Managers mistrust flexible workers

AUSTRALIAN managers don’t trust their employees to work away from the office and are denying them opportunities to work flexibly, while those who work away from the office are often subject to criticism and corridor gossip from their colleagues

AUSTRALIAN managers don’t trust their employees to work away from the office and are denying them opportunities to work flexibly, while those who work away from the office are often subject to criticism and corridor gossip from their colleagues.

These are the findings of recent research into flexible working, which took in 600 managers and employees across Australian and New Zealand organisations.

It found that more than 50 per cent of think managers are less trusting of flexible workers and nearly 75 per cent think employees disapprove of their colleagues who sometimes work away from the office.

Furthermore, 75 per cent of managers in non-flexible workplaces said they would be unlikely to let employees work flexibly, even though nearly 50 per cent of employees would like to, if allowed.

The survey, Mobility and Mistrust, commissioned by Toshiba (Australia), found that a main obstacle to the uptake of flexible working is the perceived difficulty in monitoring and supervising employees, indicating scope for greater use of performance rather than attendance-based evaluation techniques.

“The results indicate many organisations are risking their competitive advantage by not understanding the benefits associated with flexible working and by ignoring the demands of employees, who will soon be at a premium according to projections on the shrinking workforce,” said Mark Whittard, general manager, Toshiba Information Systems Division.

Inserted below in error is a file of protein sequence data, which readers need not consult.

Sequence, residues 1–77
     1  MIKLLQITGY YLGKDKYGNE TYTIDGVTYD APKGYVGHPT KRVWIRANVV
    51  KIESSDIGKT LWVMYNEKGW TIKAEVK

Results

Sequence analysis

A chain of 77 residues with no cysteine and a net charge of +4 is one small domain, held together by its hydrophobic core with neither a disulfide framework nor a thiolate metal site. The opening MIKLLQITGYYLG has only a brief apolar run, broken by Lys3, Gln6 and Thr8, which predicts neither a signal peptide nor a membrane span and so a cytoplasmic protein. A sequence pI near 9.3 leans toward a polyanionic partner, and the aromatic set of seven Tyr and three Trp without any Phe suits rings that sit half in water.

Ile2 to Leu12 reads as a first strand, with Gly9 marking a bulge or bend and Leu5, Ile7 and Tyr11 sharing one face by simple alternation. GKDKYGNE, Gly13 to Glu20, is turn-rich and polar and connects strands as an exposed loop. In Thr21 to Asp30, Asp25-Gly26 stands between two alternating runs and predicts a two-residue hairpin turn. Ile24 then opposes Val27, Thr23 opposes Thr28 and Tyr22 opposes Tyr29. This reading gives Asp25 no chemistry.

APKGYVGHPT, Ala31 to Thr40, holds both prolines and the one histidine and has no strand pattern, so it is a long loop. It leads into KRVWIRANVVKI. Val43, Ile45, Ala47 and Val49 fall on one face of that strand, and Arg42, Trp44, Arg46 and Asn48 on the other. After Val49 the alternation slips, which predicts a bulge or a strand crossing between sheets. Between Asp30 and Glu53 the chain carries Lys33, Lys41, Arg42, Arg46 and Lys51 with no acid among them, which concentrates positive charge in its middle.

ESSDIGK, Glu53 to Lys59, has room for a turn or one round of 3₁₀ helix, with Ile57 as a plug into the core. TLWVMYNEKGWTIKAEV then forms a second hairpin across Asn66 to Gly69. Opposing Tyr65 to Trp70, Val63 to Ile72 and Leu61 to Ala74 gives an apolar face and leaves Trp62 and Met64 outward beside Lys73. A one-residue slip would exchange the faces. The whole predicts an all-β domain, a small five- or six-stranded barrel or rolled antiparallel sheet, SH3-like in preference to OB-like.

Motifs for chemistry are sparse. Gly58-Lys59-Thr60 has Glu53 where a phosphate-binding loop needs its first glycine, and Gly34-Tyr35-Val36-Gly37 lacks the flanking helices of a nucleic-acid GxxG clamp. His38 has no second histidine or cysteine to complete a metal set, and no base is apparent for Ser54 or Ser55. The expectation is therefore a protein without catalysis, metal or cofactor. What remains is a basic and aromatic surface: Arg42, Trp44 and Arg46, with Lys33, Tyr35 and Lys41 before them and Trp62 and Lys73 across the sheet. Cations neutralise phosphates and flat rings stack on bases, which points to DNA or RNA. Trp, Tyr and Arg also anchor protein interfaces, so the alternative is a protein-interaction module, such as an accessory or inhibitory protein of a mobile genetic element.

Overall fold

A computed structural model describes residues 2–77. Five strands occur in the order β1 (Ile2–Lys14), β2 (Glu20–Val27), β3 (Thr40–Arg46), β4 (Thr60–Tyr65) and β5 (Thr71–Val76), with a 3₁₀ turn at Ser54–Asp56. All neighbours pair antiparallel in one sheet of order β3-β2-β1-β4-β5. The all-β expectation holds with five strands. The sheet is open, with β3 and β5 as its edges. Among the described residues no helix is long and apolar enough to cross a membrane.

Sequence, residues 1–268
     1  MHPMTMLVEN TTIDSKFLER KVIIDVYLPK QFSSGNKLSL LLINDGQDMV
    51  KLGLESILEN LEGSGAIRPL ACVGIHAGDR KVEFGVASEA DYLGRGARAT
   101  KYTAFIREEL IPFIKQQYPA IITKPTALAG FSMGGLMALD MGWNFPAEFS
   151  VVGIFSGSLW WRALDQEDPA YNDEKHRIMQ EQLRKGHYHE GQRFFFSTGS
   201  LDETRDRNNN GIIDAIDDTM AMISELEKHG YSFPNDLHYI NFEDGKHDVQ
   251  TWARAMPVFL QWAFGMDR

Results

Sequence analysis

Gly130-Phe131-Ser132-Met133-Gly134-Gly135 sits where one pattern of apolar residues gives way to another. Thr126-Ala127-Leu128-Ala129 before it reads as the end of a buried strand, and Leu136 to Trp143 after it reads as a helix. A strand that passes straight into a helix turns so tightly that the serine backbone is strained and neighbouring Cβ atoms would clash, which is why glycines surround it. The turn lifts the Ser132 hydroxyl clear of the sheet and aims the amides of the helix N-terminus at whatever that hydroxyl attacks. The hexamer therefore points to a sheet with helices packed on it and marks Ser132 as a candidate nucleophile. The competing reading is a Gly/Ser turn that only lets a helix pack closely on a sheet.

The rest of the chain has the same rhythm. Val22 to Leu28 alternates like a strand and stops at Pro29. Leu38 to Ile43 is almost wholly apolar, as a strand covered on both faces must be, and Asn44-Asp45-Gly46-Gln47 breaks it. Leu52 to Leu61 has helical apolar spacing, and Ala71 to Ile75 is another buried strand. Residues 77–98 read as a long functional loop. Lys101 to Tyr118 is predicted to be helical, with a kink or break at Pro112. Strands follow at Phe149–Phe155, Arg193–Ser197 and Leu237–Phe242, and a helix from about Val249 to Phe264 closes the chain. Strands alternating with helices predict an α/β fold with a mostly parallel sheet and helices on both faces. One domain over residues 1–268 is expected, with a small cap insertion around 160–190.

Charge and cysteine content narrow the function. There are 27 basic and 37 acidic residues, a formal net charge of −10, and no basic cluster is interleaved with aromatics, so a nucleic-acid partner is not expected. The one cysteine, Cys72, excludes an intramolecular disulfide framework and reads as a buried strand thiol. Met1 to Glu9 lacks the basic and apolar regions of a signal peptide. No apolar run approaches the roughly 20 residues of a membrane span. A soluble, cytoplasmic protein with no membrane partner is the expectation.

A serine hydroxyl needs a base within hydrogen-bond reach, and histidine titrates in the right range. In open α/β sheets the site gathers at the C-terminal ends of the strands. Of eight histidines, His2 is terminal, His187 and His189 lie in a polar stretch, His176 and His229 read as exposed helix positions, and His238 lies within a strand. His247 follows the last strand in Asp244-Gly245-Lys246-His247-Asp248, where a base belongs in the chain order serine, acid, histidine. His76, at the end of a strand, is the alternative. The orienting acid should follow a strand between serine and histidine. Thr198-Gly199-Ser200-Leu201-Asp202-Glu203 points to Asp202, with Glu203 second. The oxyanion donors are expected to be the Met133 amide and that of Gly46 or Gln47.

James Cowley, an independent academic and adviser on the report said that flexible working offers up to six times the level of return through the cost savings associated with fewer overheads and also assists in business sustainability through the experience of loyal staff.

“Australian (New Zealand) businesses need to start following the lead of other countries, and begin trusting their workforces in order to remain ahead,” he said.

The survey found that lack of trust may be in part due to the use of old fashioned performance evaluation techniques. The difficultly in monitoring and supervising employees was the most commonly cited disadvantage of flexible working, and workers in large organisations find it particularly hard.

If managers cannot see their employees are working and rely on traditional ‘clock on, clock off’methods of monitoring staff performance, this indicates that organisations need to embrace metrics that assess workers based on performance rather than attendance, according to the report.

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